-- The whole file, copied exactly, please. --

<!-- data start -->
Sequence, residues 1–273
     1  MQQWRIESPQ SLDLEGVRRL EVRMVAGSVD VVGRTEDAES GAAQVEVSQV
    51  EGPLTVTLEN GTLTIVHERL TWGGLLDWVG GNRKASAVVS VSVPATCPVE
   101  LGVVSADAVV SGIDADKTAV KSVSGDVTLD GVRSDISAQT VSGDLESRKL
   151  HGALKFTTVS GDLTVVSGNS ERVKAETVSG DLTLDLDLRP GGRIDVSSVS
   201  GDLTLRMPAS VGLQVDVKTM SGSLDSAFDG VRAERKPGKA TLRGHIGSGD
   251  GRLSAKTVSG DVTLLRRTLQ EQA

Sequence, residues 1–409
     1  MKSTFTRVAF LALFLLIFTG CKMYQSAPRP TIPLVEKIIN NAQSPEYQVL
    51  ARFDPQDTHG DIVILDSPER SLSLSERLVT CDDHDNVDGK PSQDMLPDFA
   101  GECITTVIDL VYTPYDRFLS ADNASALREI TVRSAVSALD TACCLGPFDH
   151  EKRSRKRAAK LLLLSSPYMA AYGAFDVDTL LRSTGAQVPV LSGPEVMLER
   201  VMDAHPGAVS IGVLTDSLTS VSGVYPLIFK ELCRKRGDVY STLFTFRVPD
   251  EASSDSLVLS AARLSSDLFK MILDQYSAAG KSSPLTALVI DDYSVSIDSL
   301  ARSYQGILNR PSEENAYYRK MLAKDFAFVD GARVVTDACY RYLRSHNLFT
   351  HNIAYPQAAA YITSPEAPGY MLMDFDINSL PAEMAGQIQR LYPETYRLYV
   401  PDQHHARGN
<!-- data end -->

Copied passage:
Sequence, residues 1–273
     1  MQQWRIESPQ SLDLEGVRRL EVRMVAGSVD VVGRTEDAES GAAQVEVSQV
    51  EGPLTVTLEN GTLTIVHERL TWGGLLDWVG GNRKASAVVS VSVPATCPVE
   101  LGVVSADAVV SGIDADKTAV KSVSGDVTLD GVRSDISAQT VSGDLESRKL
   151  HGALKFTTVS GDLTVVSGNS ERVKAETVSG DLTLDLDLRP GGRIDVSSVS
   201  GDLTLRMPAS VGLQVDVKTM SGSLDSAFDG VRAERKPGKA TLRGHIGSGD
   251  GRLSAKTVSG DVTLLRRTLQ EQA

Sequence, residues 1–409
     1  MKSTFTRVAF LALFLLIFTG CKMYQSAPRP TIPLVEKIIN NAQSPEYQVL
    51  ARFDPQDTHG DIVILDSPER SLSLSERLVT CDDHDNVDGK PSQDMLPDFA
   101  GECITTVIDL VYTPYDRFLS ADNASALREI TVRSAVSALD TACCLGPFDH
   151  EKRSRKRAAK LLLLSSPYMA AYGAFDVDTL LRSTGAQVPV LSGPEVMLER
   201  VMDAHPGAVS IGVLTDSLTS VSGVYPLIFK ELCRKRGDVY STLFTFRVPD
   251  EASSDSLVLS AARLSSDLFK MILDQYSAAG KSSPLTALVI DDYSVSIDSL
   301  ARSYQGILNR PSEENAYYRK MLAKDFAFVD GARVVTDACY RYLRSHNLFT
   351  HNIAYPQAAA YITSPEAPGY MLMDFDINSL PAEMAGQIQR LYPETYRLYV
   401  PDQHHARGN